U.S. consumers spend nearly $4 billion annually on products to keep their pearly whites as bright as Julia Roberts's. According to Mintel, a market research firm, power toothbrushes accounted for $350 million in 2006. Procter & Gamble's Oral-B brand -- the category leader with more than 40% market share -- bet it could grow the market.

During testing at the company's robot center in Kronberg, Germany, Oral-B's flagship power toothbrush, Triumph, achieved "up to 100% plaque removal," says Alex Hilscher, section head of global R&D for oral care. But there was a problem: People don't brush for as long, or as evenly, as a robot. (Dentists recommend brushing for two minutes.) People also often push too hard, which can lead to gum recession. Could a high-tech toothbrush encourage better habits?

Oral-B designers drew inspiration from "smart" products in other markets, such as GPS devices and Adidas running shoes that adjust their cushioning based on the terrain. They began dreaming of an electronic display, wirelessly linked to the toothbrush, that could direct users how to brush.

At first, the designers conceived a display that would instruct users to move from tooth to tooth. "We learned from consumer testing that this much information is overwhelming," Hilscher says. The next iteration simply divided the mouth into four quadrants, visually cueing users every 30 seconds to switch sectors.

The designers tried using infrared technology on its prototypes (rear). "As a light beam, it needs a visible connection," Hilscher says. "You needed lenses on the handle and display. But if people didn't clean them well, you had a problem." The next version, using 2.4-GHz radio frequency (like microwaves and cordless phones), was more effective. Data is processed in the toothbrush and transmitted to the display. If users walk out of range, the display automatically updates how long they’ve been brushing upon their return.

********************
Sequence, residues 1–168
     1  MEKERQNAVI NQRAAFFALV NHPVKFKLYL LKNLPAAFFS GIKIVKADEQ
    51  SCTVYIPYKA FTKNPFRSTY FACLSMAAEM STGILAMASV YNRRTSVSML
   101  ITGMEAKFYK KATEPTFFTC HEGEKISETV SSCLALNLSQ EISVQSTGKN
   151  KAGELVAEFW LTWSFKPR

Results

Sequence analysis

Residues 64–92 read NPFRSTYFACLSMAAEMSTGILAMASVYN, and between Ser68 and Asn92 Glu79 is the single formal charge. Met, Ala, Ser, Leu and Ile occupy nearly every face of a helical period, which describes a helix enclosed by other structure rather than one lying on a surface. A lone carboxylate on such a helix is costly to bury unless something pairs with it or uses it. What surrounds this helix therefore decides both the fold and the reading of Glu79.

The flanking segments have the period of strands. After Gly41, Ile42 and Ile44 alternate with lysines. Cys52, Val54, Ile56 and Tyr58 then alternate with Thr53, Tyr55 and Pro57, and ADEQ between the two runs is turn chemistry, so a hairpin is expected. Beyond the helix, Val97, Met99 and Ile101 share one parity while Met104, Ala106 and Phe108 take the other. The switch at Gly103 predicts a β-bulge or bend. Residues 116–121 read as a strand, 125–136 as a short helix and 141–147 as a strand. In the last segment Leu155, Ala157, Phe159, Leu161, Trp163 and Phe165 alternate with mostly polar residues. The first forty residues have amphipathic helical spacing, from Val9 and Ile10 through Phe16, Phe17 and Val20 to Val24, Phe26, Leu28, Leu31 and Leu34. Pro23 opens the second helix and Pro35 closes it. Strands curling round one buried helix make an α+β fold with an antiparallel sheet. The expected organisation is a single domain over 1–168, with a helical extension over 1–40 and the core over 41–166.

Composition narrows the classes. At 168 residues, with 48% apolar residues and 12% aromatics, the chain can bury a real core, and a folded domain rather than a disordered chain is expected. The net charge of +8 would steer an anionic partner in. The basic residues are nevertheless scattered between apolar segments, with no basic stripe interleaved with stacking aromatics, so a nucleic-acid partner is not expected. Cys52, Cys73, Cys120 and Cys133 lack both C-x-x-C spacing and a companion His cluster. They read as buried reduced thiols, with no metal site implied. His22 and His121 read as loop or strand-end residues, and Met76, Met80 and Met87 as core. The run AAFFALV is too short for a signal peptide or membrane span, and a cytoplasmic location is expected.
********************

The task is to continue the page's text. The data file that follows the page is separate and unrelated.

Dentists recommend a new toothbrush every three months. But most people don't keep track. Designers added an integrated electronic sensor with a counter that ticks down every 15 seconds of use. "It's like a service indicator in the car," Hilscher says. When it hits zero, it sends a signal to the display: time for a new brush.

The handle contains a springloaded force sensor to prevent overbrushing by measuring if people are applying the right amount of pressure. When users apply a load greater than two-thirds of a pound, it triggers a red hazard light on the display.

Brush for two minutes, and you get a reward: a smiley face. Brush for an extra 30 seconds and you get more -- a randomly selected supersmiley. The kid-friendly feature has also tested well with adults.

Triumph With Smart Guide debuted in stores in September. All the technology doesn't come cheap -- the unit retails for $149.99. P&G made a major presentation at the annual ADA convention, as part of the launch, since dentist recommendations are its best marketing. Oral-B says early sales are better than expected.

Sketchpad: Oral-B Triumph with Smart Guide

U.S. consumers spend nearly $4 billion annually on products to keep their pearly whites as bright as Julia Roberts's. According to Mintel, a market research firm, power toothbrushes accounted for $350 million in 2006. Procter & Gamble's Oral-B brand -- the category leader with more than 40% market share -- bet it could grow the market.

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